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  1. #1
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    The new do not track features in the latest browsers
    With IE 9 introducing a 'Do not track' privacy feature and Firefox already having one, what is the effect on tracking cookies? Has there been any research on how this may or may not affect the various tracking cookies put out there by CJ, Google, Linkshare, ShareaSale, Avantlink etc..?

    Here is an article on the new features and some tests they did, note how the doubleclick cookies were blocked by the new IE 9 feature - I wonder if this would prevent Google Affiliate sales from being tracked properly.

    The State of 'Do Not Track' in Current Browsers | News & Opinion | PCMag.com

    I did not find an existing discussion on this, I apologize if there is one, please point me to it, if so.

    Thanks

  2. #2
    OPM and Moderator Chuck Hamrick's Avatar
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    Search the forum for "cookie blocking". Here is a 2009 thread: http://www.abestweb.com/forums/midni...ookie+blocking

  3. #3
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    Thanks Chuck, that is old technology they are discussing. We need to find out the impacts of the new features in IE 9. Which from what I've read is much more robust then in version 8. IE is still about 55-60% of my traffic, so pretty important.

  4. #4
    Affiliate Manager affilorama's Avatar
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    Most browsers these days have the ability block/disable cookies. But this is optional. A user has to enable/disable this as most browsers, during first installation, has the cookies enabled. So a user would have to disable this and not all users know how to or actually would do so because most sites need to have cookies enabled.

    This is why I think this is not a huge problem. YET.

    Have a good day!
    Michelle
    Affilorama Group Ltd
    Affiliate Marketing by Affilorama | Free SEO Software by Traffic Travis

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  6. #5
    ABW Ambassador isellstuff's Avatar
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    Quote Originally Posted by affilorama View Post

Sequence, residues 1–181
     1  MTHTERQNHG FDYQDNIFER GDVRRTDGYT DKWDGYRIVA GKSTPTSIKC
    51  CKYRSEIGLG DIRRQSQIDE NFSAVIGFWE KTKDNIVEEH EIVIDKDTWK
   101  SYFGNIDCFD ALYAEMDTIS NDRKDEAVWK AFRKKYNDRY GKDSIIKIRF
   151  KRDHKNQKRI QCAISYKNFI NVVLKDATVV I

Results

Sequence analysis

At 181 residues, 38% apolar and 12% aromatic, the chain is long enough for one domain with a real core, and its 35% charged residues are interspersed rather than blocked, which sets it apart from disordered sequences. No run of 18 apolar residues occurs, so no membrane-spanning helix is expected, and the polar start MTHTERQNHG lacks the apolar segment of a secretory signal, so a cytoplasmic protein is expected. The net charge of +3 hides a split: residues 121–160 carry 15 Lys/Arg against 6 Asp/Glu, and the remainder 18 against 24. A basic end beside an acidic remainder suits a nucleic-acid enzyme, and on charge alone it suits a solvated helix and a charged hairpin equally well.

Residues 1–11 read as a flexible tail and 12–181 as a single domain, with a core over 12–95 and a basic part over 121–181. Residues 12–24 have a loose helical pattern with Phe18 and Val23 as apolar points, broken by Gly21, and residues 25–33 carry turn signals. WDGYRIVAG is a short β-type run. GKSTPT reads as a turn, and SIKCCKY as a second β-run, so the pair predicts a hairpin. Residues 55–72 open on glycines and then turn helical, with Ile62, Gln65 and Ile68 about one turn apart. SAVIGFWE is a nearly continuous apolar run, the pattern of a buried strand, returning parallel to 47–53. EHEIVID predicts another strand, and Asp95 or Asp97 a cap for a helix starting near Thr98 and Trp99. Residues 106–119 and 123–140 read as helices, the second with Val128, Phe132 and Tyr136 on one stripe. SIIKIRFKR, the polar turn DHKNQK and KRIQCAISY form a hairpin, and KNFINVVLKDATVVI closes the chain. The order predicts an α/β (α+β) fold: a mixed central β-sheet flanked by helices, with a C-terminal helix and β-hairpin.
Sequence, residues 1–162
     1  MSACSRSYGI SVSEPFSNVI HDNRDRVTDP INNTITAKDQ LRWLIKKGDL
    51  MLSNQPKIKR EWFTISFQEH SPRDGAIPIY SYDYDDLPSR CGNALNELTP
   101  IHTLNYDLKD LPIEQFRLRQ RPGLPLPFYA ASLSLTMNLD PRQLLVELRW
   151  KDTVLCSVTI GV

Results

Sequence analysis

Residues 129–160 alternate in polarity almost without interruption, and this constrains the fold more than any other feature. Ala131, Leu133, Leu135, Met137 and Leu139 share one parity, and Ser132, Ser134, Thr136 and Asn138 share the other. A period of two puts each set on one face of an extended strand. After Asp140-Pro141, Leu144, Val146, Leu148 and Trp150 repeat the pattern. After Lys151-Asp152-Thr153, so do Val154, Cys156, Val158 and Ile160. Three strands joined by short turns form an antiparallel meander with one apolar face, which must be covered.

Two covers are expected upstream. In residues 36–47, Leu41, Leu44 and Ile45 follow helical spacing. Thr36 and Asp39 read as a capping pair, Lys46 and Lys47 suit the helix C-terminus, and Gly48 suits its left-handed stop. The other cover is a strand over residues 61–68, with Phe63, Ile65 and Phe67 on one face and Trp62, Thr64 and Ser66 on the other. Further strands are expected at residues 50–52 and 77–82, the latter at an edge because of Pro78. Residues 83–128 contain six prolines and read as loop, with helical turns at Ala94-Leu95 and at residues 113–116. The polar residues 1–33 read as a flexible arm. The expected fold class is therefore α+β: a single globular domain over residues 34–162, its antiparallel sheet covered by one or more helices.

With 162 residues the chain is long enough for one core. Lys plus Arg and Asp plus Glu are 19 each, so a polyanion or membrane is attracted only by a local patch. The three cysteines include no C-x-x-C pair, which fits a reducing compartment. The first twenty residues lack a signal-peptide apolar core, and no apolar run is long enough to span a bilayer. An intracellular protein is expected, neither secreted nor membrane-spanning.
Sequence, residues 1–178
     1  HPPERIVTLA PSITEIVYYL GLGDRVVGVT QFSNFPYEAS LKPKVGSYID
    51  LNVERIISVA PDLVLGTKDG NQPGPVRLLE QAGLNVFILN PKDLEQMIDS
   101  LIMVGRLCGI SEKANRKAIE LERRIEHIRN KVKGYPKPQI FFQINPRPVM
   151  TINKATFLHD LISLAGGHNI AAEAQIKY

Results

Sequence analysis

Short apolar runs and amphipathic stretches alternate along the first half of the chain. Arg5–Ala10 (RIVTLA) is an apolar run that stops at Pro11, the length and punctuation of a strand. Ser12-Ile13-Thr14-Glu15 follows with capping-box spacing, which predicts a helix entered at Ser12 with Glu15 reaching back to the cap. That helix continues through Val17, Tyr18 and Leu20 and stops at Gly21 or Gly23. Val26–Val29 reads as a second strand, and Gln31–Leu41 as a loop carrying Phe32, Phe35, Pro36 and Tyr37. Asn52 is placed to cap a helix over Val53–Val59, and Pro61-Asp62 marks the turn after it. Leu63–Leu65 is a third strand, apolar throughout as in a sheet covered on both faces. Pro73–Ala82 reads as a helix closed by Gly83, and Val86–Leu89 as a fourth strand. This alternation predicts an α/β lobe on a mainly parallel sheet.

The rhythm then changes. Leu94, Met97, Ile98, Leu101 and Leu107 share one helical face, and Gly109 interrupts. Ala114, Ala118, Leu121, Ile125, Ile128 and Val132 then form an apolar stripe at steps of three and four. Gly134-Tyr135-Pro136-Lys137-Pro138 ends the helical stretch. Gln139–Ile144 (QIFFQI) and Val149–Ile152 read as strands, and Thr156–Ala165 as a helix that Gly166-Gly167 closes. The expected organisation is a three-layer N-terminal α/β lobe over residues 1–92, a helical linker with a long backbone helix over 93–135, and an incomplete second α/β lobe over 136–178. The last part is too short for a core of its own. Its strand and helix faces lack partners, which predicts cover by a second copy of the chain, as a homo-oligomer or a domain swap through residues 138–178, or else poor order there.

This is why I think this is not a huge problem. YET.
    It just became a huge problem. Microsoft enables do not track in IE 10 by default:

    Microsoft Turns on Do Not Track By Default in IE10
    Merchants, any data you provide to Google Shopping should also be in your affiliate network datafeed. More data means more sales!

  7. #6
    ABW Ambassador isellstuff's Avatar
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    More details here:
    In Ad Network Nightmare, Microsoft Making 'Do Not Track' Default for IE 10 | Threat Level | Wired.com

    So supposedly it won't block anything, it just sets a message that the user doesn't want to be tracked. The problem is that, if affiliate networks ignore this request, then they *might*, be opening themselves up to legal issues. I guess you could argue that Microsoft's decision to turn it on by default makes it really hard to know what the user really wanted.

    Damn, Microsoft shouldn't be turning this on by default. They seem desperate to get users back from Chrome and hope that a better privacy policy will help.

    I blame re-targeting. Flipping re-targeting is too creepy. It should have never been invented. Here is a discussion on Geno's blog that argues that it is re-targeting e.g. behavioral targeting that was the true target of the FTC's Do Not Track initiative

    http://www.amnavigator.com/blog/2011...ate-marketing/
    Last edited by isellstuff; June 2nd, 2012 at 09:06 PM.
    Merchants, any data you provide to Google Shopping should also be in your affiliate network datafeed. More data means more sales!

  8. #7
    Member WebReviews's Avatar
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    Quote Originally Posted by isellstuff View Post
    The problem is that, if affiliate networks ignore this request, then they *might*, be opening themselves up to legal issues.
    Hay Guys,

    Do you reckon that these affiliate networks will actually leave themselfs open to possible lawsuits by dropping a cookie anyway? I wouldn't think so!
    "You can't cross a sea by merely staring into the water." [COLOR="DarkRed"]-Rabindranath Tagore[/COLOR]

  9. #8
    ABW Ambassador isellstuff's Avatar